Hasn't happened yet.

safewaysecurity
08-22-2012, 9:58 AM
2 pm right?

Gray Peterson
08-22-2012, 9:59 AM
2 pm right?

Yep, the session starts in two minutes

HowardW56
08-22-2012, 10:11 AM
Yep, the session starts in two minutes

Is there an audio feed? If there is no live feed, does anyone know if a recording will be available?

safewaysecurity
08-22-2012, 10:51 AM
I heard that the 2nd circuit isn't good about putting Urals out. Could be wrong. I hear they put out a pdf transcript. I'm sure some of the people with a direct line to gura can give us the details.

randian
08-22-2012, 12:20 PM
Did the 2nd get relocated to Russia when I wasn't looking? :D

krucam
08-22-2012, 12:56 PM
Did the 2nd get relocated to Russia when I wasn't looking? :D

Not geographic...think stone age...

Gray Peterson
08-22-2012, 9:35 PM
From NY Firearms

http://www.nyfirearms.com/forums/laws-politics/33122-kachalsky-oral-argument.html#post259256

1. There was a general sense in the courtroom today about how important this case is. It was the last one heard, and the judges took a break immediately beforehand. Oral arguments lasted about 90 minutes! (Each side had been allotted 10 minutes.)

2. Westchester County as a defendant was basically a non-entity. They were trying to argue that they shouldn't be a party to the case, but the judges weren't buying it. Their argument only lasted 5 minutes. The NY State AG's office was the main defendant, arguing in favor of proper cause.

3. The State essentially conceded that THE SECOND AMENDMENT APPLIES OUTSIDE THE HOME. This is huge. At the very least, the Court should hold that the right to bear arms protects a right to bear arms in public.

4. The State was arguing that the proper cause regime is constitutional because New Yorkers can carry rifles and shotguns in public. HUH? But then they admitted that you'd probably get arrested for causing public alarm if you did so in NYC. I don't know how the judges will rule on this one.

5. Alan Gura was incredible, as expected. I can't imagine anyone else I'd rather have on our side fighting for our rights.

6. As far as reading the judges, it's tough to say. Judge Wesley was asking Gura a ton of questions, but I think it's because he agrees with him. Judge Katzmann was mostly silent the whole time. Judge Lynch asked some tough questions to both parties.

So, to sum up:

--It looks like the Second Circuit will hold that the Second Amendment protects a right to bear arms in public for self-defense. What remains to be seen is whether they'll buy the State's argument that, since New Yorkers can carry rifles and shotguns in public, there's no right to carry concealed handguns.

One of our friends at MDS Shooters is in the process of purchasing this oral argument on CD. He will generously share it with us.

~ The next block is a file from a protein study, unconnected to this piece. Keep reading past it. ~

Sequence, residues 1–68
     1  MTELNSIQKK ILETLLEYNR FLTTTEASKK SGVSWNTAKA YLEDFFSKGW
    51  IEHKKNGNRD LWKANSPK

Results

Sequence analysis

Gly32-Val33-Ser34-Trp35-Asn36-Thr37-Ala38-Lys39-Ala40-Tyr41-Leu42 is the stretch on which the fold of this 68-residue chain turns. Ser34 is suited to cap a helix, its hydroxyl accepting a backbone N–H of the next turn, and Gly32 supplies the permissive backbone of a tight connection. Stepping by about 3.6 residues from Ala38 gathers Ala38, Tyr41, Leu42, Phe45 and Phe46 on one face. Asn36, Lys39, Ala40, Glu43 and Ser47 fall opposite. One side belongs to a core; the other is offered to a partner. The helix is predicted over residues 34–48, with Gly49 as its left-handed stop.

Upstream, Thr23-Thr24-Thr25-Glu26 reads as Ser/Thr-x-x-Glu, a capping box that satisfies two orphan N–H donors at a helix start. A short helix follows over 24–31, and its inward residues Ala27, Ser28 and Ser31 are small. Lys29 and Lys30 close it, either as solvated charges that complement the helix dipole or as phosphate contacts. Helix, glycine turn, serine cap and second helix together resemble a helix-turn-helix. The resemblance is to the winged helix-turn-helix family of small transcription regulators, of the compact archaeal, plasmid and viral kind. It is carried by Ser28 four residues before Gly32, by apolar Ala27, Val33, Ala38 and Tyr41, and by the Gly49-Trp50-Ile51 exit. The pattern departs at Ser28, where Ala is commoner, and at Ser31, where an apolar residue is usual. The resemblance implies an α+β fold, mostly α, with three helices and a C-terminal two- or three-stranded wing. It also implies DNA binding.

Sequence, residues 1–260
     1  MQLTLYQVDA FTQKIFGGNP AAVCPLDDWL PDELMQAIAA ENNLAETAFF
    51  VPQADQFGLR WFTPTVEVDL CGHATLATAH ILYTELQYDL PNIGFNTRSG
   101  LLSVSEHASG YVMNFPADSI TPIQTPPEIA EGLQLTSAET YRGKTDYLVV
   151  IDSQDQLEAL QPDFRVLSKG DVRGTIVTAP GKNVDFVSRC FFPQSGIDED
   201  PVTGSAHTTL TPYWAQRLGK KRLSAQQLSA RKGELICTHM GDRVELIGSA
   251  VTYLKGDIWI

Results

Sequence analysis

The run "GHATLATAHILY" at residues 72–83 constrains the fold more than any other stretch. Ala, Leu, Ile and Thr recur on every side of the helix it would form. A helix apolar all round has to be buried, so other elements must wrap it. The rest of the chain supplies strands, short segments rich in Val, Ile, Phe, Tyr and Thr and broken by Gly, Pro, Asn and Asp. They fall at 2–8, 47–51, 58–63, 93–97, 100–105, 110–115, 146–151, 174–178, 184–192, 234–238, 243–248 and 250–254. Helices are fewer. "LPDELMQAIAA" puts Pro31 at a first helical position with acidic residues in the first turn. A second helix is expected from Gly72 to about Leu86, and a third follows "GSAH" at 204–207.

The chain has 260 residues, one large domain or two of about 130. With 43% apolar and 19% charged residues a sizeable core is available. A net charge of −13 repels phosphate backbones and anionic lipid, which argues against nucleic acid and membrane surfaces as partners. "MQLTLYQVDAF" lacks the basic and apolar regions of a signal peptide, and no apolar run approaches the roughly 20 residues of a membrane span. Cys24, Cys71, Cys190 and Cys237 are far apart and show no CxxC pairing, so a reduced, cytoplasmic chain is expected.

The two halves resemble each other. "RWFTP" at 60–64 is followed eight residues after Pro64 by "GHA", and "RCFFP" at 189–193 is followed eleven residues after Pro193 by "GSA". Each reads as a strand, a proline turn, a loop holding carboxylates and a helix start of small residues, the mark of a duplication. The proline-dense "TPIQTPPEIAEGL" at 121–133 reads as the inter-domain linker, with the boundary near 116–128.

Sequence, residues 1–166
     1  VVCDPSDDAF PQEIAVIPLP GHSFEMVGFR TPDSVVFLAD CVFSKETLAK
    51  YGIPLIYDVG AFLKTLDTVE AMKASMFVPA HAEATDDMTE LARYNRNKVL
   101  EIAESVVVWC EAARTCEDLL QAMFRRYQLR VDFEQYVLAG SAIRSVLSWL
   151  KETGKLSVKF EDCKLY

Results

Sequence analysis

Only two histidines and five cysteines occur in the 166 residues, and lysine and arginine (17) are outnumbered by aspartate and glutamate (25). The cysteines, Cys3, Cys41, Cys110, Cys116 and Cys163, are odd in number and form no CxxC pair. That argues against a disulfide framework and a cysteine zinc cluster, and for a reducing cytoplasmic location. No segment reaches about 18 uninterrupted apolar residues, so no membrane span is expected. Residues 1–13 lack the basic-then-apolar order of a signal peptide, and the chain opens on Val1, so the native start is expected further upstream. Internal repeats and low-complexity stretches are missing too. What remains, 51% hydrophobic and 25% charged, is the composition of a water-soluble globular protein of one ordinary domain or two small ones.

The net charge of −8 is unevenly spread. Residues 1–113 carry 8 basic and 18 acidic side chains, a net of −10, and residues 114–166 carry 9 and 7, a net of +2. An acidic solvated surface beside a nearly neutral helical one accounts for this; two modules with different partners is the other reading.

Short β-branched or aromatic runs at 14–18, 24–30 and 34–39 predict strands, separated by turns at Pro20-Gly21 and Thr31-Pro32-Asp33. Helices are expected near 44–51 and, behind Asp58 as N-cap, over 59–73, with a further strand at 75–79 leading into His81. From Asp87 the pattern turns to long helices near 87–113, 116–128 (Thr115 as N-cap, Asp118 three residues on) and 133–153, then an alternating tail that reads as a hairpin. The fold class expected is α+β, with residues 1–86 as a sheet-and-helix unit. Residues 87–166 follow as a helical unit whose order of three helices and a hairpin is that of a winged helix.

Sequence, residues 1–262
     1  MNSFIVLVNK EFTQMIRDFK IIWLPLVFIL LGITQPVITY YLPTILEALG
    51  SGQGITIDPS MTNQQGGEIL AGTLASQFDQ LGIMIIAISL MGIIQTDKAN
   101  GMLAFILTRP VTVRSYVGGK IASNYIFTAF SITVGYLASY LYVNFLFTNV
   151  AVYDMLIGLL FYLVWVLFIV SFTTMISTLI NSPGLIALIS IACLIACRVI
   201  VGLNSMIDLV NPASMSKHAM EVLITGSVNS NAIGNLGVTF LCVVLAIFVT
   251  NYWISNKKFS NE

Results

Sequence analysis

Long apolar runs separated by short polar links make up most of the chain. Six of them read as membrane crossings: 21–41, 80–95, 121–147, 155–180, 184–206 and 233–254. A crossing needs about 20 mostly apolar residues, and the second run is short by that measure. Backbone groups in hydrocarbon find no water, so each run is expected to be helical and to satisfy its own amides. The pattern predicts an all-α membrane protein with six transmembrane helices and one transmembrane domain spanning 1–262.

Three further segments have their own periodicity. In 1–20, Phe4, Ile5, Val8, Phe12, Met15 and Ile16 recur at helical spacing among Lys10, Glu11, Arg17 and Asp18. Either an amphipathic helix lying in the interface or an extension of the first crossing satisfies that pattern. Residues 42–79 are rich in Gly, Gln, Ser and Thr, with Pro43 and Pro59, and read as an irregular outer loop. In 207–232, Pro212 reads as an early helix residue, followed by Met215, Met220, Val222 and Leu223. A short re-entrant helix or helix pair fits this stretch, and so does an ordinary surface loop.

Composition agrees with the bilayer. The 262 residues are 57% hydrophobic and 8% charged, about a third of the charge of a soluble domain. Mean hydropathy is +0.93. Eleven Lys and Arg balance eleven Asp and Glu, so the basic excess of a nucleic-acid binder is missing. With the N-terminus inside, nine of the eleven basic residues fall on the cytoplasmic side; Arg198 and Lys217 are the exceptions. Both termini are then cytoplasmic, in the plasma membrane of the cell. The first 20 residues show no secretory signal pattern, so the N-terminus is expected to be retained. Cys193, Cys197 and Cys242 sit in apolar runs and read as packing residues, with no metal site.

When Judge Stephen Reinhardt of the 9th Circuit, along with a New York based federal appeals court says that there's a right to bear outside the home, it's time to close up shop and turn out the lights insofar as our opponents go.

Maestro Pistolero
08-22-2012, 9:43 PM
Something at last. Conceding bearing outside of the home is huge. Since the argument that long guns satisfy the right didn't fly in Heller, let's hope it doesn't fly here. I am anxiously awaiting that recording like all of us. Thanks for posting.

safewaysecurity
08-22-2012, 9:44 PM
How long does it take for them to mail out the CDs with the MP3 oral arguments on them? They really need to work on updating their system.

hoffmang
08-22-2012, 9:45 PM
It appears that a MD Carry person will order the oral argument so we'll have it in the next 60 days.

My understanding is that things went better than expected. No guarantees, but this will be useful to us one way or another.

-Gene

safewaysecurity
08-22-2012, 9:52 PM
Well if they rule that long gun open carry i good enough I propose the NRA hold their next event in NYC after we get national reciprocity passed and everyone carry long guns in time square lol.

Crom
08-22-2012, 9:53 PM
Gray, thanks for the repost.

nicki
08-22-2012, 10:52 PM
From NY Firearms

http://www.nyfirearms.com/forums/laws-politics/33122-kachalsky-oral-argument.html#post259256

1. There was a general sense in the courtroom today about how important this case is. It was the last one heard, and the judges took a break immediately beforehand. Oral arguments lasted about 90 minutes! (Each side had been allotted 10 minutes.)

2. Westchester County as a defendant was basically a non-entity. They were trying to argue that they shouldn't be a party to the case, but the judges weren't buying it. Their argument only lasted 5 minutes. The NY State AG's office was the main defendant, arguing in favor of proper cause.

3. The State essentially conceded that THE SECOND AMENDMENT APPLIES OUTSIDE THE HOME. This is huge. At the very least, the Court should hold that the right to bear arms protects a right to bear arms in public.

4. The State was arguing that the proper cause regime is constitutional because New Yorkers can carry rifles and shotguns in public. HUH? But then they admitted that you'd probably get arrested for causing public alarm if you did so in NYC. I don't know how the judges will rule on this one.

5. Alan Gura was incredible, as expected. I can't imagine anyone else I'd rather have on our side fighting for our rights.